Historical Renovation Doors
Glenview Haus Historically Renovated Doors bring the past to the present
Glenview Haus Historical Renovated Doors are designed to transport guests to another era, and are built with future technology. The helpful staff at Glenview Haus studies the original design of the door and works with you to recreate all of the unique carvings and details that initially adorned the door. Historically Renovated Doors are redesigned with up-to-date technology and furniture-grade wood, so that it has superb insulation qualities that help it endure the elements.Glenview Haus is able to make historically renovated doors fire-rated, so as to ensure the utmost protection of the building and its occupants.
Recently, Glenview Haus finished restoring the wooden doors for Chicago Temple First United Methodist Church, also known as First Methodist Episcopal Church. The building was completed in the year 1923, and at the time was the largest building in Chicago. Glenview Haus manufacturers were able to renovate the features of the door unique to its time-period, such as the wrought-iron clavos and ornamental decorative hardware. This historical renovation project is only one example of Glenview Haus's ability to recreate the past in the present.
Focused on making sure that their Historically Renovated Doors are made with the highest quality for added durability, Glenview Haus engineers the doors in two ways. Glenview Haus solid wood historical renovated doors are crafted from the world's finest hardwoods. The premium grade components of these doors are first kiln dried, and then craftsmen carefully match colors and grain texture to craft a beautiful wood door. Additionally, Glenview Haus manufacturers are able to apply the European method of construction to historically renovated doors. The European constructed doors are based on the door sandwich design. This means that furniture-grade wooden veneers cover a thermal insulation board with aluminum elements for added stability. This construction method delivers an excellent thermal performance and overall product durability so that your historical renovation project will last for years to come.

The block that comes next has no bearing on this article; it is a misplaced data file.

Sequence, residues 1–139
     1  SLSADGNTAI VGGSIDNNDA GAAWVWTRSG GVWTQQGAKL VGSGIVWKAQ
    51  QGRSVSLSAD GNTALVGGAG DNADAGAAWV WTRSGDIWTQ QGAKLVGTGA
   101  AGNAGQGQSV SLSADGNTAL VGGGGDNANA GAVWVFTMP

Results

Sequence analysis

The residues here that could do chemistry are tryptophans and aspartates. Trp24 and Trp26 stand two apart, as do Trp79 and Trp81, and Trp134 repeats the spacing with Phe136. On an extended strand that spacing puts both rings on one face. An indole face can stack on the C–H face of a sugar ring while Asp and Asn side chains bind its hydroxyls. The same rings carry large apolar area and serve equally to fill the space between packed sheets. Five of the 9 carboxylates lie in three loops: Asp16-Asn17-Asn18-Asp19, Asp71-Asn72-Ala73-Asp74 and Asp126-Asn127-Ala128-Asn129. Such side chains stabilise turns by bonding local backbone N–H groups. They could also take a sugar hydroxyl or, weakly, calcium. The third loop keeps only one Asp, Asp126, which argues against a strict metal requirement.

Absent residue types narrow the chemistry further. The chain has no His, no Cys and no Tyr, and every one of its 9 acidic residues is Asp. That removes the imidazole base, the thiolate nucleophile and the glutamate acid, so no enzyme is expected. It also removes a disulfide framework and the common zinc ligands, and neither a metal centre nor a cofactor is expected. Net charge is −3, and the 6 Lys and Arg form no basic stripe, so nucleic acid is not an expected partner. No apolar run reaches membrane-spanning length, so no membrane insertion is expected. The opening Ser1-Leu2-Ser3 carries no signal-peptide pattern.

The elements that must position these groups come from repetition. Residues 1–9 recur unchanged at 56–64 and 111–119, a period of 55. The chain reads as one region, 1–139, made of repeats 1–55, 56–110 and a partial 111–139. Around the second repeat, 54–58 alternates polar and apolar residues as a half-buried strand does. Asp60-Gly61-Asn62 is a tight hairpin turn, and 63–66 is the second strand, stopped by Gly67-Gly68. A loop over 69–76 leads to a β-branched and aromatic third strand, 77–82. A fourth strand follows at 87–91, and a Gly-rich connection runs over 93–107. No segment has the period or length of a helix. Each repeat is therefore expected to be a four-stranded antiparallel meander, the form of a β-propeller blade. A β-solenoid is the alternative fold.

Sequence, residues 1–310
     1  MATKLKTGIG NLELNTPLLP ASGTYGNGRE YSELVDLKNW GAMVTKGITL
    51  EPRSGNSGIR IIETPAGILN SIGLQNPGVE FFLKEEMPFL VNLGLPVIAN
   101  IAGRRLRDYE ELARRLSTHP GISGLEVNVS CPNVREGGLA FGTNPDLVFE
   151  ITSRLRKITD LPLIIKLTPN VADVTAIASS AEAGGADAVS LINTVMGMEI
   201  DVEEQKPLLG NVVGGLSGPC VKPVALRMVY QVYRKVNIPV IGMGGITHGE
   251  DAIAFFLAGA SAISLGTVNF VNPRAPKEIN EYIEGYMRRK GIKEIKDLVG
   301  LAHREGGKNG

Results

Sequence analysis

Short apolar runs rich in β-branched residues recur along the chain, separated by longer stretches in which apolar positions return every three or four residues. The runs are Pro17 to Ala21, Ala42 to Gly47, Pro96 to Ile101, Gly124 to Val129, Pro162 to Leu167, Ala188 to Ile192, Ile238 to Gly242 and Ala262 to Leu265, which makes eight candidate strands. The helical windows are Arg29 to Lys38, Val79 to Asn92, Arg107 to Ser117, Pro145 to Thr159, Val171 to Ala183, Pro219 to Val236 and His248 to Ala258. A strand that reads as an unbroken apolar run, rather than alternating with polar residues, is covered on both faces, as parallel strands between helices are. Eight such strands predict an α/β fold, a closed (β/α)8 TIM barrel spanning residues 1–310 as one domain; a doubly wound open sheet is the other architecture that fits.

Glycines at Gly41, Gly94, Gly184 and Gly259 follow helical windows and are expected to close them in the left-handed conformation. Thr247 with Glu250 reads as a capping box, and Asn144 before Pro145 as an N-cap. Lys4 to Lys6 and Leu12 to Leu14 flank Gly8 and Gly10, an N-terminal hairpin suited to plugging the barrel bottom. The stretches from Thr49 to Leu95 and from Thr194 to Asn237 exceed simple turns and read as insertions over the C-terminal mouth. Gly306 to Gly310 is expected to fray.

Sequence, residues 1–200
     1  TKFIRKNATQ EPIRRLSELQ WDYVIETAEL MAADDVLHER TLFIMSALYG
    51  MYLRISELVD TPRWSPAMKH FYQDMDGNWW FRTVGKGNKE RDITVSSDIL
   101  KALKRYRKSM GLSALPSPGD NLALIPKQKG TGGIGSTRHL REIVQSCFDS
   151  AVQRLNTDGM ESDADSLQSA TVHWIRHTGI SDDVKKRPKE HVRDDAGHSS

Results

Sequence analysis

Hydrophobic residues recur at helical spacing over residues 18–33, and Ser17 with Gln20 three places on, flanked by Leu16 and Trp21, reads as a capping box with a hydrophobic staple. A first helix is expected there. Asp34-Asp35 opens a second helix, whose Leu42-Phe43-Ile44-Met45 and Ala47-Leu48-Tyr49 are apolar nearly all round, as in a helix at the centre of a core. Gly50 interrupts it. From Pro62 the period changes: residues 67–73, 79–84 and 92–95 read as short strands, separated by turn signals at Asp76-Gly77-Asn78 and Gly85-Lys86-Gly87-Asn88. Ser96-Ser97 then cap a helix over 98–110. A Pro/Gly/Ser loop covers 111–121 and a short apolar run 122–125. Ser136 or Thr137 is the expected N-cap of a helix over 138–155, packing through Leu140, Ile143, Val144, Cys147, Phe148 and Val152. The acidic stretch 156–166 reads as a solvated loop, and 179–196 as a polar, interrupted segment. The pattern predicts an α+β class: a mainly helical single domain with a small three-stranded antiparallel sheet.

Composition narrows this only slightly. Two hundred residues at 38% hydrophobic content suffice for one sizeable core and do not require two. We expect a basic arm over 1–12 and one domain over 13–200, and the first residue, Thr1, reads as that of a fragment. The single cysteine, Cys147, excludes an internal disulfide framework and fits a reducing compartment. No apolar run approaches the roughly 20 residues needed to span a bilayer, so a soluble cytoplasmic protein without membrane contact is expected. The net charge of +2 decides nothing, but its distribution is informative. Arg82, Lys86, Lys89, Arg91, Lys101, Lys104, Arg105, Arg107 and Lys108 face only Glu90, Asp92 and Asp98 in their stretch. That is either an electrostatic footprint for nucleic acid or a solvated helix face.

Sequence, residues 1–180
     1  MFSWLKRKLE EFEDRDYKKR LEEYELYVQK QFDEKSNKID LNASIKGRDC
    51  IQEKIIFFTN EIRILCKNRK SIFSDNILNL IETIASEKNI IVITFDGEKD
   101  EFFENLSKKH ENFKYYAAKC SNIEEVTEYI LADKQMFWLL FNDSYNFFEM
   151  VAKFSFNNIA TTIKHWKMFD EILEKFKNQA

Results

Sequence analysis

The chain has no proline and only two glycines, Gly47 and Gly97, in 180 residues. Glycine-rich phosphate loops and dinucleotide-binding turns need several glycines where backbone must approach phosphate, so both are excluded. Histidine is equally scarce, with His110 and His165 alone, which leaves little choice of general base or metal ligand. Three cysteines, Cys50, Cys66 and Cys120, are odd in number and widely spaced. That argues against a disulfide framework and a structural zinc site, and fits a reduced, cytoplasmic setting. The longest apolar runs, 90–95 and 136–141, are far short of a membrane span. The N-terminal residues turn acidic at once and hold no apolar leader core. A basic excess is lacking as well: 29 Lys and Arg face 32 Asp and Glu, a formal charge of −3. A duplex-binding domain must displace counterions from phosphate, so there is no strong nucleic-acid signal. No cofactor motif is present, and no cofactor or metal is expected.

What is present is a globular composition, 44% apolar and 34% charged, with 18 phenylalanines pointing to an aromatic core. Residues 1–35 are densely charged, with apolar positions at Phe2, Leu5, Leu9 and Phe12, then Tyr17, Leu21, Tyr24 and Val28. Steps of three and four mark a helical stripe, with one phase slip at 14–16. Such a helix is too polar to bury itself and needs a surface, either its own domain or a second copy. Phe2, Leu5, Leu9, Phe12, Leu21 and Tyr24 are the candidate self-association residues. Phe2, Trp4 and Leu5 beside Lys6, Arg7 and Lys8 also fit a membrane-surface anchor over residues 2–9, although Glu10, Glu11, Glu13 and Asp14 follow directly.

FEATURED HISTORICAL RENOVATION PROJECT - Chicago Temple First United Methodist Church
Also known as: First Methodist Episcopal Church.
Address: 77 West Washington Street, Chicago, Illinois, The Loop 60602
- Construction start: 1922
- Construction finish: 1923
- Designed by: Holabird & Roche
- Type: Holy Place
- Stories: 29
- Maximum Height: 568 feet / 173 meters
- Seating capacity: 1,000 people
- 1834: A log cabin ws built just north of the Chicago River for this congregation.
- 1837: The cabin was moved to the corner of Clark and Washington Streets, which is also the location of the present building.
- 1845: A brick building was erected to replace the log cabin.
- 1858: A four-story building was built to replace the earlier brick structure. The church was on the upper two floors.
- 1871: The building was destroyed by the Great Chicago Fire. It was immediately rebuilt.
- 1922: Construction began on this building.
- 1924: This building was dedicated.
- 1952: The sky chapel was dedicated
- At the time of its completion, this was the tallest building in Chicago.
- This building is faced with grey and white Bedford oolitic limestone from Indiana.
- The stained glass windows were created by the Giannini & Hilgart Studios.
- The main altar in the first floor sanctuary was carved by Alois Lang in Oberammergau, Germany. It shows Jesus weeping over Jerusalem as he descends from the Mount of Olives.
- The altar in the sky chapel depicts Jesus looking over the skyline of Chicago.
- The sky chapel's structural beams are in the shape of Saint Andrew's crosses.
- The organ has 92 ranks with four manuals.
Did You Know?
- The sky chapel was a gift to the congregation from the Walgreen family of Walgreen's drug stores.